Along the lines of this topic is the sitemap. It is a single page that has links to literally every page and blog post on your website. The importance of this page is tp make it easy for search bots to crawl through your entire website. These bots are automated program deployed by search engines to determine what is on every page across the internet. Making it easy for these bots to crawl your website increases the odds that all of your pages will be included in the pool of potential search results.

External Links

One of the single most important factors for ranking well in search engines is having other websites link back to your website. It is also the hardest factor to conquer. Firstly, not all external links are created equal. A link from HGTV’s website is 100 times more valuable than a link from Bob’s Garden Site. Getting even one link from a high authority website can make a world of difference. One way to determine the “authority” of a website is Google pagerank. It is a scale from 0 to 10 with zeros being new websites and 10 being only a handful of websites, like Facebook. There are extensions for pretty much all browsers you can use to evaluate the pagerank.

Unfortunately that is just the start of external links. Links given the “nofollow” attribute are worth little. Sites like Facebook and Twitter automatically add this attribute into all links posted in status updates.

The anchor text is not as straight forward for external links. If the majority of these links hyperlink “alexandria mn hotels,” search engines will find this highly suspect. It is much more likely where you’ll see a variety of similar keywords linking back, like “alexandria hotels,” “hotels in alex mn,” “click here,” and sometimes the URL. This variety of words looks pretty realistic and does you a lot of good. The problem with too many of the same one is that Google cracked down on webmasters who were paying for external links (a big no-no) with highly optimized anchor text. See Google’s guide on what is acceptable here.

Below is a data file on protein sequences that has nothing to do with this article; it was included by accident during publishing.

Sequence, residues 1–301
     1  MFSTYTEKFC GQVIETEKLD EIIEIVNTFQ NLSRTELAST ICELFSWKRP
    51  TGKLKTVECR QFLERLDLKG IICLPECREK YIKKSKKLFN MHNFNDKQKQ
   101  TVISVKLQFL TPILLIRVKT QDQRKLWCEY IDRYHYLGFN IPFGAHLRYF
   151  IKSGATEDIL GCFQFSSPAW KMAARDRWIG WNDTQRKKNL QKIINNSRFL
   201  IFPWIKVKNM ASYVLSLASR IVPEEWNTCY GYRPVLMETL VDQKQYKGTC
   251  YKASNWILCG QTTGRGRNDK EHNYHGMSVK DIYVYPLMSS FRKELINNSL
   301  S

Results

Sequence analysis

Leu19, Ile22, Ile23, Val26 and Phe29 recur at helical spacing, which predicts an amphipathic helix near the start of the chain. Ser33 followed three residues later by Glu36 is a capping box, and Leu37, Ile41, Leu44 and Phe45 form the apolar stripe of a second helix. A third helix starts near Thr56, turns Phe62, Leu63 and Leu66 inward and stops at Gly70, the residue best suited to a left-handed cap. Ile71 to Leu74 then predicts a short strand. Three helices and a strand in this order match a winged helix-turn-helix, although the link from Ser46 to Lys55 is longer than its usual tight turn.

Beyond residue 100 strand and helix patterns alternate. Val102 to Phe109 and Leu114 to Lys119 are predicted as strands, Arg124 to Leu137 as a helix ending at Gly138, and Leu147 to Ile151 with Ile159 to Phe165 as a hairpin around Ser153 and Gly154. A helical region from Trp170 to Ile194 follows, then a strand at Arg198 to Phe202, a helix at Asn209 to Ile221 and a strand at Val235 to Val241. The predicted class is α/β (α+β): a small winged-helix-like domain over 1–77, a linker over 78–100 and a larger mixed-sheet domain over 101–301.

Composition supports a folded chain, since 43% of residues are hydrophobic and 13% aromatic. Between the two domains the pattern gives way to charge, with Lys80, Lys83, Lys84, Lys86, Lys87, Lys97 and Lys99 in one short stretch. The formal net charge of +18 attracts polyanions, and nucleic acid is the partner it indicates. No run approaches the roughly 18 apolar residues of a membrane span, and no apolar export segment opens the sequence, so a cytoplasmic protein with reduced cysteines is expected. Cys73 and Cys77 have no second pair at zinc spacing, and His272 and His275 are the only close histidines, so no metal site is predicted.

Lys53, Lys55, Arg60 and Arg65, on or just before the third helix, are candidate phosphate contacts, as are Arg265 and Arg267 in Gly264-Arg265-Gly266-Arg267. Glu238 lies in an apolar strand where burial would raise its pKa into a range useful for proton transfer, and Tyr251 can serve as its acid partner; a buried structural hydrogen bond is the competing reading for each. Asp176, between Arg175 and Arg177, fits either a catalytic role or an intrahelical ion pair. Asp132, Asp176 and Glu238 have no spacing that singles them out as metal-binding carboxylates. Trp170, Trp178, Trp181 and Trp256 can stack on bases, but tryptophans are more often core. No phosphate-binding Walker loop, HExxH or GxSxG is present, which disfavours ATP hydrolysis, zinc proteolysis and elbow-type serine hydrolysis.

So how do you go about getting these elusive links? It is tough and this topic may be best ignored until you master the other basics. However, if you want to tackle this obstacle now the best way to gain external links is to write compelling articles chocked full of great content and images. Make articles that are so good that other webmasters and bloggers want to share.

SEO 101 Basics

In a nutshell, make sure you have a plan. You’ll save yourself a ton of time by creating a search engine optimization plan before even building a website. And if you already have a website, layout a plan on how you’re going to update the website before making changes. Also equally important is to keep in mind that SEO takes time. It’s a pressure cooker, not a microwave. It often times takes months, if not a year or more, to rank in the top 10 results for competitive keywords. The best thing you can do now is master SEO 101 and build your arsenal from there.

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Tyler Golberg

I love writing about web design that inspires, figuring out Google's black box, and speaking to lively audiences. In my spare time, I enjoy reading Game of Thrones (waiting on Winds of Winter) and touring the lakes on my paddleboard.